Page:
Therefore, my question is if there's a minimum data rate that enables OFDM?
No, there's other limiting factors.
Like, if the rate is too low, it's probably hard/impossible to split the data unto datastreams with an even lower rate.
No, that's easier the slower you go. It's not more of a problem at low rates.
You're forgetting why we're doing that splitting: A very high-bandwidth signal sees a wide channel – and a wide channel experiences frequency-selective fading, due to multipath propagation. If you have for example a direct path and a path reflected off some structure, then for one frequency, these waves would interfere constructively, for a different frequency, destructively. If you have both frequencies in your wideband signal, then you're in trouble because you can't revert that effect with a simple multiplication.
So, you split your wideband channel into frequency-flat subchannels. Problem solved.
At some point, it doesn't make sense to split any further. If your channel is flat already, splitting it doesn't make it "flatter". On the contrary, you're incurring the problem that channels change over time (that's due to movement of the transmitter, receiver, or obstacles and reflectors, as well as due to oscillator imperfections), and if you increase your signal duration enough, you will hit a wall where your nice flat channel sadly becomes a channel that's not nice at all but changes faster than you can follow.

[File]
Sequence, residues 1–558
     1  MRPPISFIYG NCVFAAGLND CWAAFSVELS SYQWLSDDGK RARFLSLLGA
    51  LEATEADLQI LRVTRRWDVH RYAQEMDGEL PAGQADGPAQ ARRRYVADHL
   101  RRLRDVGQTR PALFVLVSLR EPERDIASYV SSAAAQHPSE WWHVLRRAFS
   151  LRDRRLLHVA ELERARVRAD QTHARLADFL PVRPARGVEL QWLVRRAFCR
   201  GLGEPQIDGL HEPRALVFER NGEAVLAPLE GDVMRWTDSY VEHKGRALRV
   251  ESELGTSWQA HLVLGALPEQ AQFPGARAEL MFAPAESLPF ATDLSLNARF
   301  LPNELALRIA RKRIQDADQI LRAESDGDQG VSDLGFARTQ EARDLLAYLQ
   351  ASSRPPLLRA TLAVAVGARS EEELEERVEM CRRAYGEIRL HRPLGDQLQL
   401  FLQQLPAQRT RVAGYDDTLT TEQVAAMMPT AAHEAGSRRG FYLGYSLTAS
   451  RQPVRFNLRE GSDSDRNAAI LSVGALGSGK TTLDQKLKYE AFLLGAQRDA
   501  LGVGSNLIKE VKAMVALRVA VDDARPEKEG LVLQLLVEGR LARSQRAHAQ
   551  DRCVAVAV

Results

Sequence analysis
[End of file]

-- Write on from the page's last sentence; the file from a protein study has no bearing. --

I'm asking because I'm trying to trigger OFDM with my dev boards which send raw 802.11n packets at 1mb/s, but it's not working.
OK, you don't "trigger" OFDM. OFDM is a method of transporting data. IEEE 802.11n is indeed an OFDM standard. It's multiple MHz wide, in the microwave region: of course you'd use OFDM there. These channels very much are multipath.
So I'm thinking that the rate's too low for OFDM.
Nah. No such thing. There's digital voice transmission schemes that do OFDM at around 700 bits per second. There's probably a few HF (or below!) modems that do even slower OFDM for long-reach comms across half the planet.